Bull floats and channel floats are used to remove any irregularities in the surface. Swederski works the concrete as little as possible, he notes, as overworking it can bring smaller aggregates to the surface, creating problems with creating a smooth surface. “You want to get the best aggregates possible to prevent deleterious materials.” He avoids mined river rock and works with concrete suppliers to ensure he knows what aggregates are delivered. He also uses about 20% fly ash in his 550-pound cement mix due to its workability, higher strength, and ability to reduce cement content, and thereby the water-cement ratio.
Most contractors apply a broom finish, as it provides the necessary slip resistance. Swederski creates a signature look by using a 10-foot broom with ropes on each side, so it can be pulled across the concrete. The company also provides a picture frame appearance by adding a separate 2-foot broom finish parallel along the border to remove imperfections.
Other finish options are available. Increte of Albany, Albany, N.Y., uses a magnesium (mag) float. “It creates a better texture, and top granules of sand don’t wear away so quickly,” explains Rick George, president. The city of Albany requires a mag-float finish for its sidewalks, which encourages others to use that finish. “Some of the projects are now 8 years old, and they hold up very well.”
McD uses a swirl finish as well as a broom finish, McDaniel says. “In many cases, we do different finishes for the border and interior. Customers like the contrast.” He also does some stamped concrete, most often using an ashlar-slate texture for either the border or interior.
Ashlar-slate texture is popular for Edwards Concrete, Winter Garden, Fla., as is a curving fish-scale pattern, says project manager Steve Whitmore. “We have a lot of retirement communities, and homeowners take a lot of pride of ownership—and in outdoing their neighbors.”
Brooks Construction Services takes its cue from the home’s exterior style and landscaping. “If they have a brick exterior, we try to provide a less-detailed texture, like a feathered-edge look” explains Brooks. “Otherwise, it gets too busy.” Brooks also uses an Engrave-A-Crete system to cut circular patterns, which has become popular. “When you get into more detailed patterns, you need to have a good designer on staff and photo books to show examples.”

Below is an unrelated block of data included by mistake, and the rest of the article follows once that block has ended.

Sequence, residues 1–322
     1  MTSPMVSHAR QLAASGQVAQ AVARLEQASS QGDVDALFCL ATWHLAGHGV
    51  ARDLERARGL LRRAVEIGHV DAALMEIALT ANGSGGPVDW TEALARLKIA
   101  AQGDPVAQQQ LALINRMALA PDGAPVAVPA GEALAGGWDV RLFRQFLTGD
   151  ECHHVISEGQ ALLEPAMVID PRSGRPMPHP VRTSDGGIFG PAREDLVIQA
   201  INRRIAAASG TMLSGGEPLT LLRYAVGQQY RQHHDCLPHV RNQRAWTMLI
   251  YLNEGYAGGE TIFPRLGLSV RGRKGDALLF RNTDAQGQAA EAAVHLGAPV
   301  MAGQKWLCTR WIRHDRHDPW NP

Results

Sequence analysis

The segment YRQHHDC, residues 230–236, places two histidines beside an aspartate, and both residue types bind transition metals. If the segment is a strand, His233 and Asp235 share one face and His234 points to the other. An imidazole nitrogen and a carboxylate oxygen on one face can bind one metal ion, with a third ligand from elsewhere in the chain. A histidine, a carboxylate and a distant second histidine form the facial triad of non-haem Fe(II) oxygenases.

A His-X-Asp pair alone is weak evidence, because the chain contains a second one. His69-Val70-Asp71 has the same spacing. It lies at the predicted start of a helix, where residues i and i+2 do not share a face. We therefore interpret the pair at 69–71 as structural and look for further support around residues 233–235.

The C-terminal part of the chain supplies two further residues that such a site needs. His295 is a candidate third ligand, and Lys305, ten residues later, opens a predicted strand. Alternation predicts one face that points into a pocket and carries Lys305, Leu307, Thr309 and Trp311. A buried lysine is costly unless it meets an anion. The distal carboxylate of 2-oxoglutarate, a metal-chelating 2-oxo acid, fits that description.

“A perfect finish is achievable, but everything and everyone has to work together,” Swederski says. “We warn the customer that our priority is structural quality followed by cosmetics. We would rather see a few surface flaws from rough broom marks than future scaling or delamination after the first winter due to poor mixes, adding too much water, or overworking the surface.”
Stamped concrete popularity
Stamped and colored concrete are gaining popularity, as homeowners look to make their homes stand out. “For years, we did mostly regular concrete, but now stamped concrete is a big part of our business,” says Brooks. “There’s a real push to add interest and to coordinate the driveway with the stoop and walk so it all flows together and works with the landscaping.”
Increte’s George agrees that stamped concrete is growing. “I’m doing three times as many stamped designs this year.” That’s also true in the south, says Whitmore. “We’ll do one stamped Bomanite project for a homeowner, and then the whole neighborhood calls to find out about it.”
Earthtones are most popular, usually to match the stone pattern of the stamp. Greystone Masonry uses color hardeners with its treatments. “They provide more control over uniformity of color and offer a clean, crisp impression,” says Dittmann. Integral color works best, she notes, to avoid any white marks from chipping.
Contrasting colors for accents also are gaining popularity, notes George. “Everybody is on the decorative bandwagon. Before, everyone wanted a broom finish. Now, they want decorative designs. Even if they have a broom finish, they want decorative borders so it doesn’t look plain.”
With the economy depressed, resurfacing driveways rather than replacing them has emerged, George adds. “It’s a green solution, because you don’t have to dig out the old concrete and pour new.” He pressure-washes the concrete with a solution of muriatic acid, applies a polymer coating, and stamps the concrete.
Using decorative treatments to encourage driveway projects and finding ways to fit them into the homeowner’s budget can lead to more business. “We really fight and push for driveway projects to go forward when we do estimates,” says Dittmann. “They’re so easy to install—you’re in and out and the concrete goes right off the truck with no wheelbarrows needed. It’s an easy job.”
Craig A. Shutt is contributing editor for James O. Ahtes Inc., Chicago.